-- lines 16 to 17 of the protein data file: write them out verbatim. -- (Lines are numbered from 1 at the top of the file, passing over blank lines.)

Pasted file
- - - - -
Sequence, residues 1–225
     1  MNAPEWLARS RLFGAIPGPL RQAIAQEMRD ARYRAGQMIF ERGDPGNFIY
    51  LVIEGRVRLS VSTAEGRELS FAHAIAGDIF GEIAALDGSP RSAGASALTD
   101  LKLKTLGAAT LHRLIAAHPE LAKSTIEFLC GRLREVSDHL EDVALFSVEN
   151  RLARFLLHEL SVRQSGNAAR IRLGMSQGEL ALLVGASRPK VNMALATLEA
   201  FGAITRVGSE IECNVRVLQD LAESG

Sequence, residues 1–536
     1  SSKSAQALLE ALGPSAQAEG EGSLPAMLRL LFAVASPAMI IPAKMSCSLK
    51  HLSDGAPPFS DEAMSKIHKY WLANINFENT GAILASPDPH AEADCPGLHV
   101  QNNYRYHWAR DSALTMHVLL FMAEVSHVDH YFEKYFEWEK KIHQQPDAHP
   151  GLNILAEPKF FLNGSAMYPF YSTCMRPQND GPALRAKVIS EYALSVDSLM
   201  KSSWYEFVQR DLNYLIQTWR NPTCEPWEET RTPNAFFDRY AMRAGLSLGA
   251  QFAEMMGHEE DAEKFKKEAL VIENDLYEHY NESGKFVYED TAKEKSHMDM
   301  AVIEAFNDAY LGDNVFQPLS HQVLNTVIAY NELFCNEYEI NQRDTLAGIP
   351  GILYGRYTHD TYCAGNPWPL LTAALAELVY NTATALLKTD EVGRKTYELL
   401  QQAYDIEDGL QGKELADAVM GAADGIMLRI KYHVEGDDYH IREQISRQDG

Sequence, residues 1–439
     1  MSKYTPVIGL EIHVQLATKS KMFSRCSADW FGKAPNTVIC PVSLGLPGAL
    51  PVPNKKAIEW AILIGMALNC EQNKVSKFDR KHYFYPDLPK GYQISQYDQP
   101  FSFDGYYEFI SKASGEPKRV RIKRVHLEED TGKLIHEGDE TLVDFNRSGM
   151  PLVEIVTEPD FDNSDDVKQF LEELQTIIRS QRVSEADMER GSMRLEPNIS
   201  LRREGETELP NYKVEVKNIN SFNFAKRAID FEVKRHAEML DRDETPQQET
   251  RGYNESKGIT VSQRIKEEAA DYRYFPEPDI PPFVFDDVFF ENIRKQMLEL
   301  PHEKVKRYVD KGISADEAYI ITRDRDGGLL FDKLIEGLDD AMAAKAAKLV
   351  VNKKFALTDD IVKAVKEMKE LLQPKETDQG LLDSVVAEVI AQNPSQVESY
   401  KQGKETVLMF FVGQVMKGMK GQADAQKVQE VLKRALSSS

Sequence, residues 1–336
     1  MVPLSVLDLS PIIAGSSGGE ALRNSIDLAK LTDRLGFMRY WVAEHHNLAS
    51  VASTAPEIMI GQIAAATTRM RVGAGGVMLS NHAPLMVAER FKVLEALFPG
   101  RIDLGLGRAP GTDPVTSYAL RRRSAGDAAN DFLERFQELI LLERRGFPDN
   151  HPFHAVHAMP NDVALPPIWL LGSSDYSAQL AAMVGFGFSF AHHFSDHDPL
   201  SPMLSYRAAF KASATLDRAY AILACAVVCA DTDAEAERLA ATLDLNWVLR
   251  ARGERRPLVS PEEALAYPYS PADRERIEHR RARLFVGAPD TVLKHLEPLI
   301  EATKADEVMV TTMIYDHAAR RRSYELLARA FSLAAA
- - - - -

   401  QQAYDIEDGL QGKELADAVM GAADGIMLRI KYHVEGDDYH IREQISRQDG

Sequence, residues 1–439